When their current lease ends in September 2041, they'll have an option to renew for another 10 years.

Their rent will be no problem to cover: $10 per year. But the museum's leaders will be responsible for the building's interior and exterior maintenance, utility bills and some insurance coverage.

'It's an excellent, excellent resource'

The museum's new home was originally built in 1916 by Civil War Capt. Charles Young. He donated the property to the city in memory of his late wife.

Covenants in the building's original deed dictated that the structure was to be used as a library in perpetuity. If it was ever used for anything else, ownership and control was to be returned to Young or his heirs.

In the 1970s, Volusia County took over operation of the library, but the city maintained the building and city ownership continued.

In 1992, the library was added to the U.S. Register of Historic Places. The library remained in full operation until 2010, when county government budget cuts forced the doors to close.

It didn't appear the property would be used as a library any longer, so the city spent a few years searching for Young's heirs. None of his relatives could be located, and in 2013 city commissioners approved a measure allowing the building east of the Halifax River to be used for weddings, parties and meetings.

In 2017, the city allowed the U.S. Coast Guard Auxiliary Flotilla 44 to start using the building. Last month the city struck a deal with the Coast Guard Auxiliary to relocate to a city-owned building on the west side of the river.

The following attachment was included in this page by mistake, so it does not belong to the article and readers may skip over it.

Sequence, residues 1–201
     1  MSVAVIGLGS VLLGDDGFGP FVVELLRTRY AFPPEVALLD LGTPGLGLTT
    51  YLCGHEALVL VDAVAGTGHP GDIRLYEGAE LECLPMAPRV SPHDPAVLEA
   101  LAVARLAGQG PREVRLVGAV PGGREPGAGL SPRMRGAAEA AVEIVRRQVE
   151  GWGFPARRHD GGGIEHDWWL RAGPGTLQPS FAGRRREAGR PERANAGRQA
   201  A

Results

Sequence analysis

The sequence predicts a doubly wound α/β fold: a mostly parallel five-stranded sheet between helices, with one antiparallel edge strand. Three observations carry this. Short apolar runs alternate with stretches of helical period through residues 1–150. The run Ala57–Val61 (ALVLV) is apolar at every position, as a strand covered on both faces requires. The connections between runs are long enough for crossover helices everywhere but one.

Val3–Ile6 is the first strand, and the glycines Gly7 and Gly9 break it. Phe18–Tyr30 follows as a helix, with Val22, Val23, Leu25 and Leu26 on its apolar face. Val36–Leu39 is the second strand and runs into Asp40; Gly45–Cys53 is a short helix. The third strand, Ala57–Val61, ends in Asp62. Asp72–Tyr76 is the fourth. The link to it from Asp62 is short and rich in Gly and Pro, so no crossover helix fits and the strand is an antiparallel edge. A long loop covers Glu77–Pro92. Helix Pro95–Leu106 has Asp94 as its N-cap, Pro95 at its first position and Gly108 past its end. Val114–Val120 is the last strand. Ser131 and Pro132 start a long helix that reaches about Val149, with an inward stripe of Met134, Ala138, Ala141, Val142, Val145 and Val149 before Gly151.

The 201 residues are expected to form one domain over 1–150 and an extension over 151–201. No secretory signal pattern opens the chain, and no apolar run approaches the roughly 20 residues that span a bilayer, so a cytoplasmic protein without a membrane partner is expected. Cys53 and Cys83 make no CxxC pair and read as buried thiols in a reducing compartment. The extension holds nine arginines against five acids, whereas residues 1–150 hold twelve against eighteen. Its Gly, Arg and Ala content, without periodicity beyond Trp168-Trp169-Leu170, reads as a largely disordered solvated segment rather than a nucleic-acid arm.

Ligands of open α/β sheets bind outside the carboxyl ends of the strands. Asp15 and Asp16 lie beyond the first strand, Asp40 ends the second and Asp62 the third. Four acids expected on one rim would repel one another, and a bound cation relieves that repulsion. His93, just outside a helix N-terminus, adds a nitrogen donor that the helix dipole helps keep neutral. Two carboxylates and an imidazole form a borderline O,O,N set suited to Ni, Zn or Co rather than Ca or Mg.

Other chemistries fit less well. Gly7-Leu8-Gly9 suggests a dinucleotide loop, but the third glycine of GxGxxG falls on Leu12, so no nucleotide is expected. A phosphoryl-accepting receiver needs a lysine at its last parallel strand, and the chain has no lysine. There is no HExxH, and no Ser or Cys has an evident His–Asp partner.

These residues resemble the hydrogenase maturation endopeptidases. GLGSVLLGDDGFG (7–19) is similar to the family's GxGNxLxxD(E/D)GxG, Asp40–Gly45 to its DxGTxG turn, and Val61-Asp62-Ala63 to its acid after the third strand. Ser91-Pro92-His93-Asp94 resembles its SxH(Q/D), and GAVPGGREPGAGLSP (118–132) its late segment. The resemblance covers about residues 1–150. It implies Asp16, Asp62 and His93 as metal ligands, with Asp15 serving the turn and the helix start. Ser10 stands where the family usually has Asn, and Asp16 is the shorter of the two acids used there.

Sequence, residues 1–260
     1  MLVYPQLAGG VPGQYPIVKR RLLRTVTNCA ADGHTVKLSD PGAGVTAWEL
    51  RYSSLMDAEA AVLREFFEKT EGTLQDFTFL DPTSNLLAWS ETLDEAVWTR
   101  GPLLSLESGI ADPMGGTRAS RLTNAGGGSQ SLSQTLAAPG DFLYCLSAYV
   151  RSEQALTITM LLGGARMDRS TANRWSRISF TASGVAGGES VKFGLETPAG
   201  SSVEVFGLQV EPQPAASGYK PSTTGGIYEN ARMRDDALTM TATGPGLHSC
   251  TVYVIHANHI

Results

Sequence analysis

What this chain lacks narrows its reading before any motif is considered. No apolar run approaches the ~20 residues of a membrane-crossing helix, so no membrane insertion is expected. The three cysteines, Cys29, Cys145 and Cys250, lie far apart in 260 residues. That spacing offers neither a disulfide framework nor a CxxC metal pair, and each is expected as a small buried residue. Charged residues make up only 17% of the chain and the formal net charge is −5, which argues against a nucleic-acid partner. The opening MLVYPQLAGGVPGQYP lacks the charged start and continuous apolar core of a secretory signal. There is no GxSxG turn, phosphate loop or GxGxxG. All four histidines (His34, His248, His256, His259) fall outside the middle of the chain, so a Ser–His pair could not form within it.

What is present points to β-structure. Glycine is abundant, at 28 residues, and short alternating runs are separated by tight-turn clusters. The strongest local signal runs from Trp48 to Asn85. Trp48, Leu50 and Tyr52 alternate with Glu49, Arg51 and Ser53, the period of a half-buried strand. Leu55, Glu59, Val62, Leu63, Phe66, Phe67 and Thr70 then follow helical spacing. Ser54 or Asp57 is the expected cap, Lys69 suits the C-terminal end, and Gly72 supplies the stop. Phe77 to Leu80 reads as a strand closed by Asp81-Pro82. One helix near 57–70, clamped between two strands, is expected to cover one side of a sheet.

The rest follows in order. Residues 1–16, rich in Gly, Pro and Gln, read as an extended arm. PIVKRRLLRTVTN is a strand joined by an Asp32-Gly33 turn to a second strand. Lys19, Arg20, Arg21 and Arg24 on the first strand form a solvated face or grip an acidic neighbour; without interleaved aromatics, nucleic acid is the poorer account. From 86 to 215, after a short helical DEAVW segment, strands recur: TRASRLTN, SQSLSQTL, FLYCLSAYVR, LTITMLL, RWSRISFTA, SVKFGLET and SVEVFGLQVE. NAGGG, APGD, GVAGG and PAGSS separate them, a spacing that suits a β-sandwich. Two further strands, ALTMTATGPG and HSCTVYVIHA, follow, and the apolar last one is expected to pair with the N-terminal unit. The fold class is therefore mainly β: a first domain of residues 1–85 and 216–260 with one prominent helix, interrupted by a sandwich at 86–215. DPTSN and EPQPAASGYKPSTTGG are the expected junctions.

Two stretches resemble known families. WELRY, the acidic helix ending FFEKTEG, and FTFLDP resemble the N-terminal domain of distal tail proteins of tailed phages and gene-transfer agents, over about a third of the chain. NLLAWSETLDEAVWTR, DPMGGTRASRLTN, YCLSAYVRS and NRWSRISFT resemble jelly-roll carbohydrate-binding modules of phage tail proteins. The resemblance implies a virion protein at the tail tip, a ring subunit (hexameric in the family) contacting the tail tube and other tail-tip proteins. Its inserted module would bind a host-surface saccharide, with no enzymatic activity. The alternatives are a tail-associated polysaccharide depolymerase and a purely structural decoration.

"There are no claims to return (the library) to the family and exercise the reverter," City Attorney Robert Jagger said at Wednesday night's City Commission meeting.

Deputy City Manager Jim Morris also noted that the veterans museum will house books, research items and displays and will function as an educational place — all similar to a library.

"We are an educational center," Rosa said. "We have a large number of books and movies."

State Sen. Tom Wright was at the meeting, and he told commissioners he would work with the Florida Department of Transportation to try to get signs on the interstate directing people to the new museum location.

Mayor Derrick Henry said the museum has been highly ranked on Tripadvisor.

"This is giving people something to do when they come to Daytona Beach," he said. "It's an excellent, excellent resource for our young people and for all."

"We need to have the world's most famous war museum," Wright said after referencing Daytona being the World's Most Famous Beach.